No mechanism to review any direction
As there is no mechanism to review any direction or order made vide the provisions of the NSC, Suhakam advocates for the creation of a mechanism of review as has been emphasised in the report of the United Nation’s Special Rapporteur on the Promotion and Protection of Human Rights and Fundamental Freedoms while Countering Terrorism. The said report suggested that the review of security and anti-terrorism laws should include:
a) Annual governmental review of and reporting on the exercise of powers under counter-terrorism laws;
b) Annual independent review of the overall operations of counter terrorism laws; and
c) Periodic Parliamentary review.
The provisions of the NSC has various implications on human rights. For example, the preamble of the NSC does not explain satisfactorily or sufficiently the relevance and need to legislate this particular Act within the spirit of the Malaysian constitution. The nature and purpose of the NSC is important in order that to ensure that the goal it was enacted for is clear and does not diminish the spirit of our constitution.
The preamble in its current form is unclear and thus, may lead to an abuse of power as its objective and purpose is not clearly defined and there are no perimeters to limit the use of these powers.
Following that, the provision of the NSC provide powers to, amongst others, impose curfews, restrict movement, conduct warrantless searches, and take temporary possession of land or movable property. Whilst the security forces may require such powers during an emergency to protect the security of the nation, nonetheless, the Legislature must ensure that such powers do not encroach upon the individual’s and societies’ liberty.
Here, Malaysia has an obligation as a member of the United Nations to observe that pursuant to Article 9 of the Universal Declaration of Human Rights (‘UDHR’), no one shall be subjected to arbitrary arrest, detention or exile.
While Malaysia is not a party to the International Covenant on Civil and Political Rights (ICCPR), it is nevertheless bound by customary international law, including the Universal Declaration of Human Rights, and cannot comprehensively justify this broadly worded law as required for a state of emergency.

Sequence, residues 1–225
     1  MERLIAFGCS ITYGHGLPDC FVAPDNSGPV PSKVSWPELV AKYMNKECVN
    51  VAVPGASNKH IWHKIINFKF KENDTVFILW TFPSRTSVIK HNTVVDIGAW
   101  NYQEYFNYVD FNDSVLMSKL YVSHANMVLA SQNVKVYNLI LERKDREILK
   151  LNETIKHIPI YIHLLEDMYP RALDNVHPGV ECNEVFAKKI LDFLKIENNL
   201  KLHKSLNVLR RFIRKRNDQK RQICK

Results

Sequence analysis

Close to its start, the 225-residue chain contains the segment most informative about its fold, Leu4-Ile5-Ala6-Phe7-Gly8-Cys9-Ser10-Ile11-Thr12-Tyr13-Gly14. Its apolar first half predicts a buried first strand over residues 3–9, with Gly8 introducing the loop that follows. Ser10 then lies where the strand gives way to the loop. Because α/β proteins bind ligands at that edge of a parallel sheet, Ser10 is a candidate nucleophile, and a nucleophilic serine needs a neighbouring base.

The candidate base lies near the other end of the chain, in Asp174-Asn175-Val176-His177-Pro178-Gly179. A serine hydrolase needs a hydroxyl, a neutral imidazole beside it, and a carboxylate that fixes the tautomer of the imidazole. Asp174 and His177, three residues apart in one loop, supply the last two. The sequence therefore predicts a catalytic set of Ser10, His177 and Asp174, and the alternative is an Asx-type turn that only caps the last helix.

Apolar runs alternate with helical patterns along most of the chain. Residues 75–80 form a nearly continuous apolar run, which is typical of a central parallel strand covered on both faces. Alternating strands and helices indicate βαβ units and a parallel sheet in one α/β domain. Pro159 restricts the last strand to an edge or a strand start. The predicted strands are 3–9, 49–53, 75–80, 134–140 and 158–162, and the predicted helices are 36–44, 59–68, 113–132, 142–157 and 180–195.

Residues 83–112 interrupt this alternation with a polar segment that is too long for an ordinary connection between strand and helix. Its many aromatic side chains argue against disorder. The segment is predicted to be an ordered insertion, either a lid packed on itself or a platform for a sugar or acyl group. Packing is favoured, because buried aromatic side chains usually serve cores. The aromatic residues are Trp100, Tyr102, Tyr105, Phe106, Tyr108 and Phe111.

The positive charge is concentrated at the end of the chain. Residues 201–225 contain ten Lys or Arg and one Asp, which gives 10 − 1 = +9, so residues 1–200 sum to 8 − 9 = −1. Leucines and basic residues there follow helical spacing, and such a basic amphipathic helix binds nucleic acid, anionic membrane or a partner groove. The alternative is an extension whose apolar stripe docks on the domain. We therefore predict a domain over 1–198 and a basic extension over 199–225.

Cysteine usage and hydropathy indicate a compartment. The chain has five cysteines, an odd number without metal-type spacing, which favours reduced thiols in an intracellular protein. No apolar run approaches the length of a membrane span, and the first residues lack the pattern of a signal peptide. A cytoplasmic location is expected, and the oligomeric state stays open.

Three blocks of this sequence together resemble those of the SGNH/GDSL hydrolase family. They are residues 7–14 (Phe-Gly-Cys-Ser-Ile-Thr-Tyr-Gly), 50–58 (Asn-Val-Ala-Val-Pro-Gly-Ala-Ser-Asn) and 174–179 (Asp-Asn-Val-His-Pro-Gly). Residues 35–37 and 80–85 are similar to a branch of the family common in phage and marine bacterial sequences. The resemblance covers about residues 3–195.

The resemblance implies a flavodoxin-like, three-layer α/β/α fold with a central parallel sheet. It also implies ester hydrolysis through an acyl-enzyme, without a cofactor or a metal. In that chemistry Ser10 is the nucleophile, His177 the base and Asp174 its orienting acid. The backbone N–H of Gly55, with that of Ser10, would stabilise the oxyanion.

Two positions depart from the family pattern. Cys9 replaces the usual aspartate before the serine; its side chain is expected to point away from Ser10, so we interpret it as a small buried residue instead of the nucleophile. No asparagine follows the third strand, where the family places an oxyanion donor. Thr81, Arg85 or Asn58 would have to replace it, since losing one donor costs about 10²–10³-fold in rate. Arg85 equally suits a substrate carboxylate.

Suhakam urges the Legislature to play its role to proactively review the NSC with human rights in mind to ensure that relevant safeguards be inserted into the provisions of the NSC.
Judiciary should enure checks and balances
The Judiciary are in the best position to ensure there is proper checks and balances on the use of any legislation enacted by the Legislature.
As mentioned in the Report of the Special Rapporteur on the promotion and protection of human rights and fundamental freedoms while countering terrorism, any decisions which limit human rights must be overseen by the Judiciary, so that they remain lawful, proportionate and effective, in order to ensure that the government is ultimately held responsible and accountable.
Suhakam regrets that the Judiciary’s role has not been specifically mentioned within the provisions of the NSC. For example, there is no mention of whether individuals affected by the operations in a security area have the right to seek judicial review for effective remedies against abuse to ensure that their rights are effectively safeguarded.
Suhakam is also aware that section 38 of the NSC provides for a blanket immunity against any action, suit, prosecution or any other proceedings brought, instituted or maintained in court against the Council, any committee, any member of the Council or committee, the Director of Operations, or any member of the security forces or personnel of other government entities in respect of any act, neglect or default done or omitted in good faith.
Such immunity undermines the role of the judiciary to afford affected individuals or groups the right to judicial review to ensure the due process are observed in the implementation of directions and orders under the NSC.
Suhakam asks whether the government have considered examples from other countries’ security provisions, which manifest a better balance and a sense of proportionality. We need to ensure that the three branches of the government complement each other to ensure a balance between national security and human rights.
At this juncture, Suhakam has been grateful for certain agencies of the government that have opened up relevant discussions with us. Suhakam would like to express its willingness to advise the NSC Council on matters of human rights and national security and the commission is open to any invitation to sit in the NSC Council’s meetings pursuant to section 10 of NSC, or alternatively a committee created pursuant to Section 12 of the said Act.
Our proposal is in line with the mandate and functions as contained in Suhakam’s founding Act. Whatever are the exigencies and compulsions under whatever circumstances, this country must honour and preserve our liberties and our democratic freedom.
Benjamin Franklin had said in 1755 that: “Those who would give up essential Liberty, to purchase a little temporary Safety, deserve neither Liberty nor Safety”.
This simple phrase reminds us that the philosophy espoused by both rights and security advocates has been played throughout the centuries countless times. Actors be it from the Executive, Legislative and certainly the participants of this conference must play their part to ensure that the balance do not tilt heavily towards the other end, thus ensuring the relationship between national security and human rights is always in tandem and in balance.
This is an important part of the Malaysian ethos.
This is the text of the keynote speech by Human Rights Commission of Malaysia (Suhakam) chairperson RAZALI ISMAIL during the Civil Society Conference on National Security in Kuala Lumpur on Aug 18.